Strong quake in southern Philippines kills child

A strong earthquake struck near the Philippine city of Davao on Sunday, killing a child, damaging buildings and causing several injuries, officials said, the latest in a series of tremors to strike the southern part of the country in recent months.

3-storey building with people inside collapses

The quake caused this building to collapse in the town of Padada, in Davao del Sur province, southern Philippines. (Ferdinandh Cabrera/AFP via Getty Images)

A strong earthquake jolted the southern Philippines on Sunday, killing at least one person and causing a three-storey building to collapse, setting off a search for an unspecified number of people who were feared to have been trapped inside, officials said.

The Philippine Institute of Volcanology and Seismology said the magnitude 6.9 quake struck an area about six kilometres  northwest of Padada town in Davao del Sur province at a depth of 30 kilometres. The region has been battered by a series of powerful quakes in recent months.

A six-year-old girl died in a village in Davao del Sur's Matanao town when a wall of her house tumbled down as the ground shook and hit her in the head, officials said.

Davao del Sur Gov. Douglas Cagas said a three-storey building housing a grocery store collapsed in downtown Padada during the quake, trapping an unspecified number of people inside. Search and rescue efforts were underway, he told the DZMM radio network, adding that a still-unknown number of people were injured in his province.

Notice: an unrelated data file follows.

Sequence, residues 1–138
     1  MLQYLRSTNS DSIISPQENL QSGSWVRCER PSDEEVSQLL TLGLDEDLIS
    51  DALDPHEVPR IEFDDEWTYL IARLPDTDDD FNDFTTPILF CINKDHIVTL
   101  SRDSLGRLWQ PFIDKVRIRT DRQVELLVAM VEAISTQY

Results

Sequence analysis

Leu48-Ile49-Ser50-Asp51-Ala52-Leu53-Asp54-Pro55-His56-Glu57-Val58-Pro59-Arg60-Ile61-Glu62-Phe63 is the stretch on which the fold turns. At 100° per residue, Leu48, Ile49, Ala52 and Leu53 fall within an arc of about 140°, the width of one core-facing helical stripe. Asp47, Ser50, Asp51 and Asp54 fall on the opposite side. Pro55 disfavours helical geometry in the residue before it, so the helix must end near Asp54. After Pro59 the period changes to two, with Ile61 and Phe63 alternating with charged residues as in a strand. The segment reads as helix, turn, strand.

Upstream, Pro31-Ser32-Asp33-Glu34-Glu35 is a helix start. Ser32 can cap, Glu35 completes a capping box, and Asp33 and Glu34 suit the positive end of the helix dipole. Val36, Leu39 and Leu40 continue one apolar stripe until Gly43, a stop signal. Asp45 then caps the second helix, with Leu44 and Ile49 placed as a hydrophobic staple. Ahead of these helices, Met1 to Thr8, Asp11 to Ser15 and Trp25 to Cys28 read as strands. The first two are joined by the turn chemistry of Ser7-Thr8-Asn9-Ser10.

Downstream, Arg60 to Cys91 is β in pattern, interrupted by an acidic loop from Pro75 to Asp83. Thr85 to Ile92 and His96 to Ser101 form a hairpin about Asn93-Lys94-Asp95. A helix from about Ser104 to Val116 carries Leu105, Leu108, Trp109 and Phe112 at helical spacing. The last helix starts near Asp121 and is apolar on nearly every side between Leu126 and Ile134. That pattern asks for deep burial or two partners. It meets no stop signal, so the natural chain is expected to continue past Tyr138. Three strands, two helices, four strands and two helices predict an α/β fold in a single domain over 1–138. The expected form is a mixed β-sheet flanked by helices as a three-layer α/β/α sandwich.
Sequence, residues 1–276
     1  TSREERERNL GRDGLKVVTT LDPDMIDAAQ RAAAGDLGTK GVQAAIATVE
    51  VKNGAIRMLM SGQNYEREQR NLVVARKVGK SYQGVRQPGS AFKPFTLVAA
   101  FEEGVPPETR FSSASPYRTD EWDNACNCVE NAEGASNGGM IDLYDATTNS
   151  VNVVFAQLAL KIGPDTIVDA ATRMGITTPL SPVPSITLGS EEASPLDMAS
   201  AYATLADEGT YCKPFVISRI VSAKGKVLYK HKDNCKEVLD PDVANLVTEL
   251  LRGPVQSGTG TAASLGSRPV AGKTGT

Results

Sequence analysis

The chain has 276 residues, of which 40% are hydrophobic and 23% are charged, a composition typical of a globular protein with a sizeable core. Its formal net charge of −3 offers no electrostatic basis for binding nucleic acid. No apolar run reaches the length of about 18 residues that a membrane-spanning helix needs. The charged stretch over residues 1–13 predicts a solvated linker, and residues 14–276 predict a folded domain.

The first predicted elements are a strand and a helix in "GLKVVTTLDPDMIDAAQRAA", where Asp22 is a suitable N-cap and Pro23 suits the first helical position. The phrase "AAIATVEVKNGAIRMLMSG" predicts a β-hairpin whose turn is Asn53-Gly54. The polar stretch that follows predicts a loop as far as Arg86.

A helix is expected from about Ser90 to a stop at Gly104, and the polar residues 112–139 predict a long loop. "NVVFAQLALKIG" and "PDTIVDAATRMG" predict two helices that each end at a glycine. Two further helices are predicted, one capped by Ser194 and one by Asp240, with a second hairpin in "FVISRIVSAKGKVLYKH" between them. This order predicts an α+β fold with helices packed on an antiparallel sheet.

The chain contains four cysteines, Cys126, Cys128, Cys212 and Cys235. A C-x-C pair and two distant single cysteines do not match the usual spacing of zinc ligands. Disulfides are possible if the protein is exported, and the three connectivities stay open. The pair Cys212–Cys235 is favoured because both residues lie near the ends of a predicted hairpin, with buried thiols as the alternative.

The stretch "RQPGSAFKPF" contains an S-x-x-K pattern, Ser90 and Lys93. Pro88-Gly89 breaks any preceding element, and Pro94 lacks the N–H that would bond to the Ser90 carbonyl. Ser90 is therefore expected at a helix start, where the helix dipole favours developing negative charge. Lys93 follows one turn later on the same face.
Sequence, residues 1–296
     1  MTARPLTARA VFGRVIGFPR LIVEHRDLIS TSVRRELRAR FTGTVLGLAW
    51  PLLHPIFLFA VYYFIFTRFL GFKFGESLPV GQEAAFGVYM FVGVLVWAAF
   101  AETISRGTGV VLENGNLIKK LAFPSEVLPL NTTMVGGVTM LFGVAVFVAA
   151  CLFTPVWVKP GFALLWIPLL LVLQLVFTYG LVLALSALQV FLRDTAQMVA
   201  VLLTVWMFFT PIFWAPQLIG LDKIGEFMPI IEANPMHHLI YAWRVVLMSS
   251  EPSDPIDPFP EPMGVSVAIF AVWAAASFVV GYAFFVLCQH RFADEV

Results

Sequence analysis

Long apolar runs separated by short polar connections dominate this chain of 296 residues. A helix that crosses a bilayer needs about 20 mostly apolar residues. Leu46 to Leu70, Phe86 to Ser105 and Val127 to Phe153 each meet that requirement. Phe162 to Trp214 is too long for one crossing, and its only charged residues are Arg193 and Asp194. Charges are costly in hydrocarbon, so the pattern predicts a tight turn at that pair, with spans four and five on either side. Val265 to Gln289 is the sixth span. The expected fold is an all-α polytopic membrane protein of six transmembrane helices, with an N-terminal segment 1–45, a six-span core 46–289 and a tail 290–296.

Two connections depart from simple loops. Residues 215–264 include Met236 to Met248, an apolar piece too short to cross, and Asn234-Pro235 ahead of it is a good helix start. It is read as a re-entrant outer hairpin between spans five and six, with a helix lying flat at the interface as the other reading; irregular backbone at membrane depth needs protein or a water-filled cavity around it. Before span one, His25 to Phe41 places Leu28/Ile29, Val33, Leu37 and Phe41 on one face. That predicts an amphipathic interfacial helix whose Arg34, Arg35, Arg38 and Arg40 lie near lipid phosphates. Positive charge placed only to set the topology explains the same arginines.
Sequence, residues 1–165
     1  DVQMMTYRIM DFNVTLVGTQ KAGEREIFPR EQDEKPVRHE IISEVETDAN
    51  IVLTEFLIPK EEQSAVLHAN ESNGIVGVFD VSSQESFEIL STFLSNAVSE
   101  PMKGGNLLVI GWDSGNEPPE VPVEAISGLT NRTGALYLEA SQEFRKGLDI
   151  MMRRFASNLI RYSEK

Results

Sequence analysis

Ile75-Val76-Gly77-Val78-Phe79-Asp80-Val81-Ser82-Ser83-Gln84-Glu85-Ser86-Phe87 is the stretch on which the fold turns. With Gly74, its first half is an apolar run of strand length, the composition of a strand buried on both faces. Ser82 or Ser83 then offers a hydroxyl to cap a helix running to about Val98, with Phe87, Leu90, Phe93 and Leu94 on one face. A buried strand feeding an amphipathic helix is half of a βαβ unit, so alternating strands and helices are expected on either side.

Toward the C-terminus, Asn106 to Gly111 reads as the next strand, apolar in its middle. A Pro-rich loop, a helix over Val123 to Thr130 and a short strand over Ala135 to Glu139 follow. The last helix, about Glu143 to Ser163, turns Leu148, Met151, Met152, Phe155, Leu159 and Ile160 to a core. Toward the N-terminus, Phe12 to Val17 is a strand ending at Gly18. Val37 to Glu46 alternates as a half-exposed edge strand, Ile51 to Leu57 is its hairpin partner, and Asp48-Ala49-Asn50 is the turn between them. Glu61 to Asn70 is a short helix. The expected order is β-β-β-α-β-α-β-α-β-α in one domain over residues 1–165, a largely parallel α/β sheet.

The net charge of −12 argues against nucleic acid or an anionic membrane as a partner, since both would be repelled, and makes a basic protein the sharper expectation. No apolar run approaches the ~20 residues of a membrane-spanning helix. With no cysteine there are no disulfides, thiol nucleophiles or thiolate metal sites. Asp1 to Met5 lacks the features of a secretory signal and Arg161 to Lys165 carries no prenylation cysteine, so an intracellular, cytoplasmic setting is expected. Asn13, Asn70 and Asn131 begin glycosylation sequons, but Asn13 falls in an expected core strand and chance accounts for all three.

Matanao Mayor Vincent Fernandez said his two-story town hall was badly damaged by the intense shaking, along with two bridges and several buildings already weakened by previous quakes.

Dozens of aftershocks

"The shaking was different this time, it wasn't swaying. It's like a roller was rumbling by underneath," Fernandez told DZMM from an emergency shelter. As he was being interviewed, he paused briefly, saying the ground was shaking again in the latest of dozens of aftershocks.

Fernandez appealed for food packs and tents to be used by residents who needed immediate shelter from the rainy weather. Many buildings that can be used as evacuation centres have been damaged by recent earthquakes, he said.

The quake damaged homes in the town of Padada on the island of Mindanao. (Ferdinandh Cabrera/AFP via Getty Images)

President Rodrigo Duterte was safe with his daughter in his house in Davao city, where the earthquake was felt strongly. He returned to sleep after the tremors, said Brig. Gen. Jose Niembra, who heads the presidential security force.

Classes in Davao del Sur province, along with cities and town, including Davao, will be suspended Monday to allow checks on the stability of school buildings. Some cities and town lost their power due to the quake, officials said.

The Davao region has been hit by several earthquakes in recent months, causing some deaths and scores of injuries and badly damaging houses, hotels, malls and hospitals.

The Philippine archipelago lies on the so-called Pacific "Ring of fire," an arc of faults around the Pacific Ocean where most of the world's earthquakes occur. It's also lashed by about 20 typhoons and storms each year, making the Southeast Asian nation of more than 100 million people one of the world's most disaster-prone countries.